Cai said the congress had shown the world unequivocally that there would be no political reforms in China, in spite of a growing chorus of calls in favor, although it was still unclear exactly what the world could expect from the new administration.
“Now the old guard … have to sit back and enjoy the show, and it will take a while for us to see what the new leadership will be like after it has been fully revealed,” she said.
“The tone of the 18th Party Congress wasn’t [necessarily] the tone that will be struck by the new leadership.”
Overall, Cai said there had been a conservative retrenchment in Chinese politics since the military crackdown on the 1989 student-led pro-democracy movement in Tiananmen Square.
“The Chinese Communist Party has faced its biggest challenges at this congress since June 4,” including the scandal surrounding former rising political star Bo Xilai who was linked to the murder of a British businessman, she said.
“I think they have a very keen sense of crisis, so they want to ensure that they hang onto power smoothly and completely; they have used all manner of security measures and held it behind closed doors.”
Lam said the inscription of Hu’s “scientific development” theories into the canon of the constitution were becoming a courtesy nod to outgoing leaders.
“This means that Jiang Zemin had the ‘three represents’ from his era, and now we have the so-called values of ‘scientific development’ from Hu Jintao’s tenure,” said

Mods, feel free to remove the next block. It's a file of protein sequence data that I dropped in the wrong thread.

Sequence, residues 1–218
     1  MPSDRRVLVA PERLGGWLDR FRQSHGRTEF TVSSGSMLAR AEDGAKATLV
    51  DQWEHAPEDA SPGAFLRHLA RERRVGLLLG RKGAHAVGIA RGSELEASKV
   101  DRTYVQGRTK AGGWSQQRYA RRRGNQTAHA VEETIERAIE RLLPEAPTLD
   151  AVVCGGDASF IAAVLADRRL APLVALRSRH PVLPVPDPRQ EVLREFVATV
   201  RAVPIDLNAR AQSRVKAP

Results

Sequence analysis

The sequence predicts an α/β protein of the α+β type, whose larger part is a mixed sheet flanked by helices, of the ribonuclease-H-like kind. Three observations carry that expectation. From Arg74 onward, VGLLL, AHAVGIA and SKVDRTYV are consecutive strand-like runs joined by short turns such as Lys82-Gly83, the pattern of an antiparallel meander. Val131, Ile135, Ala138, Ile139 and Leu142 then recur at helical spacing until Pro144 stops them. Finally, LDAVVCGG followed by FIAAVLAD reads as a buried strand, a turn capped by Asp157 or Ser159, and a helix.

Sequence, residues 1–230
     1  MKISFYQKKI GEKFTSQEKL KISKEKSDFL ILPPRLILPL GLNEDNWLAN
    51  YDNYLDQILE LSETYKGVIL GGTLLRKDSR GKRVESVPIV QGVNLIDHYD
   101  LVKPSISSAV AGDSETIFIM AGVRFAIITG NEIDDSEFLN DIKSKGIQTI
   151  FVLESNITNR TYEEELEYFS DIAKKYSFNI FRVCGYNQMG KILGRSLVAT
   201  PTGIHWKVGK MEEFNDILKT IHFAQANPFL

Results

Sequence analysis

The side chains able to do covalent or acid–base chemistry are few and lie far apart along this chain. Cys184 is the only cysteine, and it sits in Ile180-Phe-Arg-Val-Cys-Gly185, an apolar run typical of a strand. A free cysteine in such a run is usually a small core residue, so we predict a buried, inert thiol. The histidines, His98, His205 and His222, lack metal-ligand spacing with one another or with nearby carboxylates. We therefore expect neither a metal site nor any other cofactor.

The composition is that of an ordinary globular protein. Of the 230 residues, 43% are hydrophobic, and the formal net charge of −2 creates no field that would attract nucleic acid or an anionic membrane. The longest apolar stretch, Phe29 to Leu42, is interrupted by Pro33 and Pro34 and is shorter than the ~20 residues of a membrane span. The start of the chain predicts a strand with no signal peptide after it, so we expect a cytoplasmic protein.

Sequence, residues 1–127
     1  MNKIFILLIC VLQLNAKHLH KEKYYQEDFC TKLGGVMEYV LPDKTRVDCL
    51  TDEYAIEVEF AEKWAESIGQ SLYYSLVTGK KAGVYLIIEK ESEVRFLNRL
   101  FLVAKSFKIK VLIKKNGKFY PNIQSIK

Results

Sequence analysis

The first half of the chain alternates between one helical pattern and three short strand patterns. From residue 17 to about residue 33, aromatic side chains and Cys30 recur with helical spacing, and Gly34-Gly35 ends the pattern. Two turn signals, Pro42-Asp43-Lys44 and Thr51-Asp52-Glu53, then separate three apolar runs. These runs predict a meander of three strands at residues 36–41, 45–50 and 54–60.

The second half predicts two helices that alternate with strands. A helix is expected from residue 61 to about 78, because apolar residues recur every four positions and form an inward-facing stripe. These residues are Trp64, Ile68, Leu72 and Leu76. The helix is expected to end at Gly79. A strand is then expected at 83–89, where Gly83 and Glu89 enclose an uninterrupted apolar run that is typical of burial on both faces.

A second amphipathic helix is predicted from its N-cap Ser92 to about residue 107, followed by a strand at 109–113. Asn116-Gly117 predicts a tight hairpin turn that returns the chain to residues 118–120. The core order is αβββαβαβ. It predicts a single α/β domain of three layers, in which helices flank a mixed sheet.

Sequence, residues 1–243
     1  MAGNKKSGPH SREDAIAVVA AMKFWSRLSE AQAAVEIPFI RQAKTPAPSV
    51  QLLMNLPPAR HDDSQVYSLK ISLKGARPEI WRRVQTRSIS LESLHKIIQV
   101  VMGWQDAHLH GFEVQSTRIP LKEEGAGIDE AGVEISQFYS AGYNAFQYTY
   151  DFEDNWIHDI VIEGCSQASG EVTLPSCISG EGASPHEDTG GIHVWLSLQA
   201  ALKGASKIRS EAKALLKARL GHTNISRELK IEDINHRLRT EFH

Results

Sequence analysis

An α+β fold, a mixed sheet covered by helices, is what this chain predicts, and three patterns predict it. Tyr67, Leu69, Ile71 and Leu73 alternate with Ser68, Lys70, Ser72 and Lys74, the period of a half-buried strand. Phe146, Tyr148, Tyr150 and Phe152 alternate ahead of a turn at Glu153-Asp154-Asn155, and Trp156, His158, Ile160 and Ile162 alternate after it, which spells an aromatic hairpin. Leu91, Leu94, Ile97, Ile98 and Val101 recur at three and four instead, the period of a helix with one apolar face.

“I think that Hu Jintao is very concerned about his position in history now that he is retiring from public life.”
“His views on how to run the country now must get inscribed into the Party constitution,” Lam said, adding that there was little substance to Hu’s “theories.”
“It’s not very meaningful for China’s future development,” he said.
According to Wong Yiu-chung, director of the politics department at Hong Kong’s Lingnan University, Jiang’s high-profile role in this congress had put pressure on outgoing president Hu Jintao, who may not succeed in retaining his post as head of the armed forces.
“If he doesn’t stay on [as chairman of the Central Military Commission], I think it’ll be because he was forced out,” Wong said.
“Jiang Zemin’s high-profile role has put a lot of pressure on Hu.”